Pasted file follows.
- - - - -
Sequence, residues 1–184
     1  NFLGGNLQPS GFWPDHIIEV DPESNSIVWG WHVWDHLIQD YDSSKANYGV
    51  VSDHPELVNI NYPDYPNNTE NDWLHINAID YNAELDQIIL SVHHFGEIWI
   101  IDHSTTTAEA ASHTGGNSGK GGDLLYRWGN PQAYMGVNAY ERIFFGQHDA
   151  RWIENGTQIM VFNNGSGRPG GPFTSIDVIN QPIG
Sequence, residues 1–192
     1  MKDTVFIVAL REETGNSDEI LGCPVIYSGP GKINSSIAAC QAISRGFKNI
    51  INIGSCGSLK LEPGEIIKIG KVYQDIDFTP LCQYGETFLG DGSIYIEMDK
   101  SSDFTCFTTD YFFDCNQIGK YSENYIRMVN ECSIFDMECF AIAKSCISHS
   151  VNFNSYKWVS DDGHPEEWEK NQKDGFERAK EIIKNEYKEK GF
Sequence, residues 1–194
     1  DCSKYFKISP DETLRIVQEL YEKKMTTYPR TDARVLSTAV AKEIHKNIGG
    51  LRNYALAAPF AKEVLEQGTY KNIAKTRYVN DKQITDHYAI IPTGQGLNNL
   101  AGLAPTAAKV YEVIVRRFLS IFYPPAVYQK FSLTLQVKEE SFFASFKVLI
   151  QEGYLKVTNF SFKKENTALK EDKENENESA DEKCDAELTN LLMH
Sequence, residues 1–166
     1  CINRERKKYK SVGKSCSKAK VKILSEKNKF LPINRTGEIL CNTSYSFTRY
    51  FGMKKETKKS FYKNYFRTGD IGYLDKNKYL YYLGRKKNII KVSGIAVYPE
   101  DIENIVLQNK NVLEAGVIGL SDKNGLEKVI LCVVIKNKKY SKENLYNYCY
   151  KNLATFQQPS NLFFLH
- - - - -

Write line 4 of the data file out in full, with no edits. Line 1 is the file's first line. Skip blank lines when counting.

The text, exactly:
   101  IDHSTTTAEA ASHTGGNSGK GGDLLYRWGN PQAYMGVNAY ERIFFGQHDA